The Little Biscuit Girl
The Little Biscuit Girl
My sister, Carlene Branham, is among the world’s best. That’s no joke. This is not just a big brother talking and bragging on his sister. She’s Good. She’s Good with a capital ‘G’.
I’ve eaten in 48 states, and 17 countries. Can’t ‘nobody’ bake better breads, cakes, cookies, cookie bars, or pastries better than hers. She wins hands down.
She makes the ‘Best’ Wedding cakes. They are beautiful AND delicious. Anything that goes into an oven just seems to know Carlene by her first name.
Not only her family, but even her friends and church family look to her for the superb dessert. Her job counts on her to do the companies’ meals for their clients. Even the kids at Bible School, three hours away, know her. They call her ‘Aunt’ Carlene. She currently has a niece named Erica, at I.B.C. that she pampers with goodies and other sweets. She catered to her nephews when they were there. She also panders to the appetites of Erica’s friends by bringing zip-locked bags with their names on them for some of the kids. They love her like family.
At our Ballestero family gatherings, Carlene endears herself to the maximum with her homemade goodies. Carlene smiles her thanks. Her desserts are scarfed up by the chow hounds in the family, of which I am chief.
But that’s not how it started.
I know. I’m the big brother. I’m five years older. I remember the day she didn’t smile.
Let me tell you about the first time Carlene, the Bakery Wizard Girl, made biscuits. In those days, no one ever heard of buying biscuits in a can. They all were made from ‘scratch’.
Carlene was in Elementary School. She was in the 3rd or 4th grade, if I recall right. She had always tried to help Mom in the kitchen and quickly picked up a desire to bake. Mother consented to letting her make biscuits by herself one Saturday.
As we gathered around the table to eat, Mother proudly announced to Dad that Carlene had made the biscuits. Carlene smiled. This was her first attempt at baking. Every girl wants her cooking to meet the approval of her Father. Carlene was no exception.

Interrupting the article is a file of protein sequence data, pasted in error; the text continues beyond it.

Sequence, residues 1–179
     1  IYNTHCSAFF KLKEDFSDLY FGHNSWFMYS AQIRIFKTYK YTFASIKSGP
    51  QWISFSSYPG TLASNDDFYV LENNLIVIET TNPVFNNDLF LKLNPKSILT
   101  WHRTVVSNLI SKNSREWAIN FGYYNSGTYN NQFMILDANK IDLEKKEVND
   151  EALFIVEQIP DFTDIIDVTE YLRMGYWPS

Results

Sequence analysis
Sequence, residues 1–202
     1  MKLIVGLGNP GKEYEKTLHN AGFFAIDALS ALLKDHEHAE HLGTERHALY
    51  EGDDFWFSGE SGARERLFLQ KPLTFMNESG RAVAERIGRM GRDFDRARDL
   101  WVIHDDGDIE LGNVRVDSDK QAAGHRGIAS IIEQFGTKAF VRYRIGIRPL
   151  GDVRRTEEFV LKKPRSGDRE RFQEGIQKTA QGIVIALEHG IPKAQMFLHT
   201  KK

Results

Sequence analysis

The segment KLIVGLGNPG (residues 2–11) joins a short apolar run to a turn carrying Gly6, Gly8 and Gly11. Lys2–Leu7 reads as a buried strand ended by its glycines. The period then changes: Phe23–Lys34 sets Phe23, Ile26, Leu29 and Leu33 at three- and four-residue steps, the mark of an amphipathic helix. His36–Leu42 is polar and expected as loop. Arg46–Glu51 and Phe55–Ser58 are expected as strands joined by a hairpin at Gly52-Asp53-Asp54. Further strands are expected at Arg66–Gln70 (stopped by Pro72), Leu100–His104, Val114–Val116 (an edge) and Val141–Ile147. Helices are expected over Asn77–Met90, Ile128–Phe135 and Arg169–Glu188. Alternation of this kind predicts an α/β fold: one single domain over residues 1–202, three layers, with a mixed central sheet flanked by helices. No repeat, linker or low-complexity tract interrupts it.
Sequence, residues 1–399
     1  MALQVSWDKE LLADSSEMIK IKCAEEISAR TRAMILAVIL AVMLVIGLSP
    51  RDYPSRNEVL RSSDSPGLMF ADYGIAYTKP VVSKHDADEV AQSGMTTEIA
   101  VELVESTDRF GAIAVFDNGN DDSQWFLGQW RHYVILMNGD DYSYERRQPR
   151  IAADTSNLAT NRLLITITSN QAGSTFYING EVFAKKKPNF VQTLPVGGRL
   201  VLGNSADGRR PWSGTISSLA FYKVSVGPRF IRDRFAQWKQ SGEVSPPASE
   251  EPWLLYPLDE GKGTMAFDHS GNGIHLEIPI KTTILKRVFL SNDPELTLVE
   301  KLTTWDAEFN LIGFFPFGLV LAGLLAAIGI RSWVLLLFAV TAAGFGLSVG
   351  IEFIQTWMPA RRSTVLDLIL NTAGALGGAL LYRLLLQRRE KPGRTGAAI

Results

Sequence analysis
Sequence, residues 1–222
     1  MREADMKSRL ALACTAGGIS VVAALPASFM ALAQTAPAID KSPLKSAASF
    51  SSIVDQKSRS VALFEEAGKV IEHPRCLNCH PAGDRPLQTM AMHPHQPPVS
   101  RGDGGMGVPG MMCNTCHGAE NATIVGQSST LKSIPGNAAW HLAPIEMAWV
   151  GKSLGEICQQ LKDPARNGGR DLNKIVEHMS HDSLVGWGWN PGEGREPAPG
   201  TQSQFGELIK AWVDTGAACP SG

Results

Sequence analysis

After the prayer, and the passing of bowls and plates of food, the eating began. Slyly Carlene watched to see if Dad had taken a bite of his biscuit.
Dad picked up the biscuit with great ceremony. He cut it open and then buttered it. After placing the two halves together, Dad raised it to his mouth and took a bite.
Immediately, Dad let his biscuit fall to his plate. Unknown to any of us, Dad had slipped his other hand under the table. When the biscuit hit the plate, Dad thumped the underside of the table with his knuckles at the same time. It was timed perfectly. It sounded like a brick hitting the plate instead of a biscuit.
Carlene immediately burst into tears. Her dream of making good biscuits, was dashed in her mind. Her little heart was broken.
The meal was stopped long enough for Dad to comfort her and make amends.
(I’m her brother and I wouldn’t lie… they were good.)
Who knew that little girl in Elementary School would have such a gift? All it needed was time. Who knew what marvels she would create in years to come.
Yet at that moment in her little life, she came close to feeling like a failure and a disappointment to her Father.
One might say, that was nice family story. What was your point?
Actually, I have two points.
Point 1. If your attempts in living for God sometimes make you feel that you are a failure because of other people’s reactions. Be encouraged. The end is not yet. I would love to think that the day will come when you are the one that is the role model.
God sees the end from the beginning. Your day will come. Don’t cry, just keep trying.
Point 2. I love you so much Carlene. I need some cookie bars real bad!